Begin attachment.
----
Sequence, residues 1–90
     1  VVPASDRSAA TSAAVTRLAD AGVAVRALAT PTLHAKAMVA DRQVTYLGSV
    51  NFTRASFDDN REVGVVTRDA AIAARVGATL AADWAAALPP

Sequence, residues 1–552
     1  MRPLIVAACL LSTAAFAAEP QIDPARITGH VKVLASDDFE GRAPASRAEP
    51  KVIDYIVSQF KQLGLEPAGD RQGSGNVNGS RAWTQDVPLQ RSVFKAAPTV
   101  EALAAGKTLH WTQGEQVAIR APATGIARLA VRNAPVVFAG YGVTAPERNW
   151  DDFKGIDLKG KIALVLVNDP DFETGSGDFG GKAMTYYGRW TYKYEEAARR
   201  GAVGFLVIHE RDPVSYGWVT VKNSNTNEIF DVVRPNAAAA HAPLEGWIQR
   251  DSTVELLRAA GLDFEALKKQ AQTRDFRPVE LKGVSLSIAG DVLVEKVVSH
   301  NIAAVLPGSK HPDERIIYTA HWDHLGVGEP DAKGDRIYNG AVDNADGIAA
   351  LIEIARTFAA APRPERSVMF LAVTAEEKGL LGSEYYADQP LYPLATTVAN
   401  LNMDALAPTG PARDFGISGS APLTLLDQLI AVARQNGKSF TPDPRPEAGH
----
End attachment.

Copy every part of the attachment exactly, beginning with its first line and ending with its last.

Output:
Sequence, residues 1–90
     1  VVPASDRSAA TSAAVTRLAD AGVAVRALAT PTLHAKAMVA DRQVTYLGSV
    51  NFTRASFDDN REVGVVTRDA AIAARVGATL AADWAAALPP

Sequence, residues 1–552
     1  MRPLIVAACL LSTAAFAAEP QIDPARITGH VKVLASDDFE GRAPASRAEP
    51  KVIDYIVSQF KQLGLEPAGD RQGSGNVNGS RAWTQDVPLQ RSVFKAAPTV
   101  EALAAGKTLH WTQGEQVAIR APATGIARLA VRNAPVVFAG YGVTAPERNW
   151  DDFKGIDLKG KIALVLVNDP DFETGSGDFG GKAMTYYGRW TYKYEEAARR
   201  GAVGFLVIHE RDPVSYGWVT VKNSNTNEIF DVVRPNAAAA HAPLEGWIQR
   251  DSTVELLRAA GLDFEALKKQ AQTRDFRPVE LKGVSLSIAG DVLVEKVVSH
   301  NIAAVLPGSK HPDERIIYTA HWDHLGVGEP DAKGDRIYNG AVDNADGIAA
   351  LIEIARTFAA APRPERSVMF LAVTAEEKGL LGSEYYADQP LYPLATTVAN
   401  LNMDALAPTG PARDFGISGS APLTLLDQLI AVARQNGKSF TPDPRPEAGH